Anton Bennett Anderson was born in Stanhope, New Jersey, on 28 October 1888, son of Martin and Louise J. (Benson) Anderson. He attended Dover (New Jersey) High School, prior to entering the US Naval Academy, Annapolis, Maryland, on appointment by Congressman Charles N. Fowler of the Fifth District of New Jersey in 1908. While at the Academy, he was an Expert Rifleman and played on the baseball squad. Graduated and commissioned Ensign on 8 June 1912, he subsequently advanced in rank to that of Captain, to date from 1 November 1939. On 1 January 1947 he was transferred to the Retired List of the US Navy and was advanced to the rank of Rear Admiral on the basis of a combat award.
Following graduation from the Naval Academy in 1912, he joined USS Idaho and three months later transferred to USS Wyoming, flagship of the Commander in Chief, US Atlantic Fleet. Detached from that battleship in March 1914, he was next assigned as an Instructor at the US Naval Training Station, Great Lakes, Illinois. In November 1914 he reported on board USS Nashville and while attached to that cruiser participated, in 1915, in landing force operations at Cape Haitian Port de Paix and Caracol, Haiti. During the period March 1916 to August 1918 he continued duty afloat in USS New Hampshire and was a member of a force landed at San Pedro de Macoris, Santo Domingo in January 1917. He remained on board that battleship following the United States entry into World War I and until August 1918. During the remaining part of the War he served as Flag Lieutenant to Commander Battleship Force ONE, Atlantic Fleet, USS Minnesota, later USS Pennsylvania, flagship. He performed meritorious service in that assignment and received a Letter of Commendation from the Secretary of the Navy.
Ordered to the Fore River Shipbuilding Company, Quincy, Massachusetts, he had fitting out duty in USS Belknap in April 1919, and when that vessel was commissioned, 25 April, he joined her as Executive Officer and served in that destroyer, operating with Naval Forces in the Eastern Mediterranean, until November 1919. After brief duty in the Bureau of Navigation, Navy Department, Washington, DC, he reported in December 1919, as Recruiting Officer at Columbia, South Carolina. He remained there until November 1921, then served as Flag Secretary to Commander Train, United States Fleet. From July 1924 until June 1926 he was an Instructor of Midshipman in the Department of Seamanship at the Naval Academy.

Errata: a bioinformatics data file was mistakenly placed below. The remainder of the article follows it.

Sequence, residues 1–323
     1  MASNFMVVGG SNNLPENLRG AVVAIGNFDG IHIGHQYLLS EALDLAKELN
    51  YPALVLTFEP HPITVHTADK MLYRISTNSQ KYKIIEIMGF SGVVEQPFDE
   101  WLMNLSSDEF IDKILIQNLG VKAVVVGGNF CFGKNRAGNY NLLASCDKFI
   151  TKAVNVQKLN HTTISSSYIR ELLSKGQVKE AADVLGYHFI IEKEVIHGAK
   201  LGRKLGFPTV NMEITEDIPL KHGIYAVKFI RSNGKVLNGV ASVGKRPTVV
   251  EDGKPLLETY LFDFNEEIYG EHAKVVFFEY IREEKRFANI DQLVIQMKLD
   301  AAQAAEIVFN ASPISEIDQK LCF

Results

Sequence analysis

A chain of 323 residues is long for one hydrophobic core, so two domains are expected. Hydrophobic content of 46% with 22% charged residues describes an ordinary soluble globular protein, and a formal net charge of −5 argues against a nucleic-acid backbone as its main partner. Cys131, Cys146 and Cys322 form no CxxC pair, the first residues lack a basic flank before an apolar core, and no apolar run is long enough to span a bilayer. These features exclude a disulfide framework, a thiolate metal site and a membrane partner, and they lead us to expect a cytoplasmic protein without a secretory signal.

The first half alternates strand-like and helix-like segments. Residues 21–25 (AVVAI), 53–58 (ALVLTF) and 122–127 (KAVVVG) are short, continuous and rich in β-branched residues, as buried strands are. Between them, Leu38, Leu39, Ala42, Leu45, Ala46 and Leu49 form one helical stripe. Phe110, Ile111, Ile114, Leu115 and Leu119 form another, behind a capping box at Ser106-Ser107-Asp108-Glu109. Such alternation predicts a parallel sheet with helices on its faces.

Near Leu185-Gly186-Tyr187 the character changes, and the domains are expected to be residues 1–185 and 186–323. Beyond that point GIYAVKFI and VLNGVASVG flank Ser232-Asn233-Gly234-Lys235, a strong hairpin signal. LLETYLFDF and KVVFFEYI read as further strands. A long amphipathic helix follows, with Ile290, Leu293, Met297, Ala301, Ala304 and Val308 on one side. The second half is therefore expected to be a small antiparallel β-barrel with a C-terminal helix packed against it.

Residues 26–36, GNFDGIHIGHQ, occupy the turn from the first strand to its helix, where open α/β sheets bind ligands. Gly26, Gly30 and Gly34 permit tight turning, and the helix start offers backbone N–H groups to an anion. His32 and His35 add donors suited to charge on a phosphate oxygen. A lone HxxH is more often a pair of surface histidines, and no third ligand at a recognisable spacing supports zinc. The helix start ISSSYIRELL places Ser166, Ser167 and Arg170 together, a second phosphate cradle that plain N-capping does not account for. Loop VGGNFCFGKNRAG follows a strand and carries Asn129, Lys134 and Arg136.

In July 1926 he assumed command of USS Mervine, station ship at Cape Gracias a Dios and San Juan del Sur, Nicaragua. The Mervine, under his command, operated off the coast of Nicaragua protecting United States Nationals and United States interests. Detached from command of the Mervine in April 1929, he was Officer in Charge of the Aviation Mechanics School at the Naval Training Center, Great Lakes, Illinois, until May 1931 and the next month joined USS Lexington as Gunnery Officer. Returning to the Naval Academy, he served from May 1933 to May 1936 as an Instructor of Midshipman in the Department of English and History and also had duty as Secretary-Treasurer of the United States Naval Institute and Editor of the US Naval Institute Proceedings.
In July 1936 he became Commander Destroyer Division FOURTEEN of the Asiatic Fleet. During the period August to December 1937 that division operated in the Shanghai area. Between July 1938 and December 1942 he was assigned to the Office of the Chief of Naval Operations, Navy Department, serving as Chief of the War Procurement Planning Section, interspersed with instruction, September 1938- June 1939, at the Army Industrial College, Washington, D.C. He reported in February 1943 as Chief of Staff to Commander THIRD Amphibious Force, South Pacific and in August of that year became Commander Transport Division TWO, USS President Jackson flagship. "For conspicuous gallantry and intrepidity in action as Commander of a Task Unit carrying reinforcements to the American-held positions in the Empress Augusta Bay Area on Bougainville Island, 8 November 1943..." he was awarded the Silver Star Medal. The citation further states in part:
"When his force was subjected to a coordinated attack by approximately one hundred Japanese torpedo and fighter planes, Captain Anderson disposed his vessels with brilliant tactical skill, enabling his command to destroy seven enemy aircraft and repel the assault with only slight damage to his ship..."
He is also entitled to the Ribbon for the Navy Unit Commendation awarded the USS President Jackson.
He returned to the United States in April 1944 and after several months’ hospitalization, reported in July 1944 as President of the Board of Review, Discharges and Dismissals, Navy Department. He remained there until relieved of all active duty pending his retirement, effective 1 January 1947.
In addition to the Silver Star Medal and the Navy Unit Commendation Ribbon, Rear Admiral Anderson has the Navy Expeditionary Medal; Haitian Campaign Medal;Victory Medal, Atlantic Fleet Clasp (World War I); Second Nicaraguan Campaign Medal; China Service Medal; American Defense Service Medal; American Campaign Medal; Asiatic-Pacific Campaign Medal; and the World War II Victory Medal. He was also awarded the Order of the British Empire, rank of Commander, upon recommendation of the New Zealand Government for services with the SECOND New Zealand Expeditionary Force in World War II.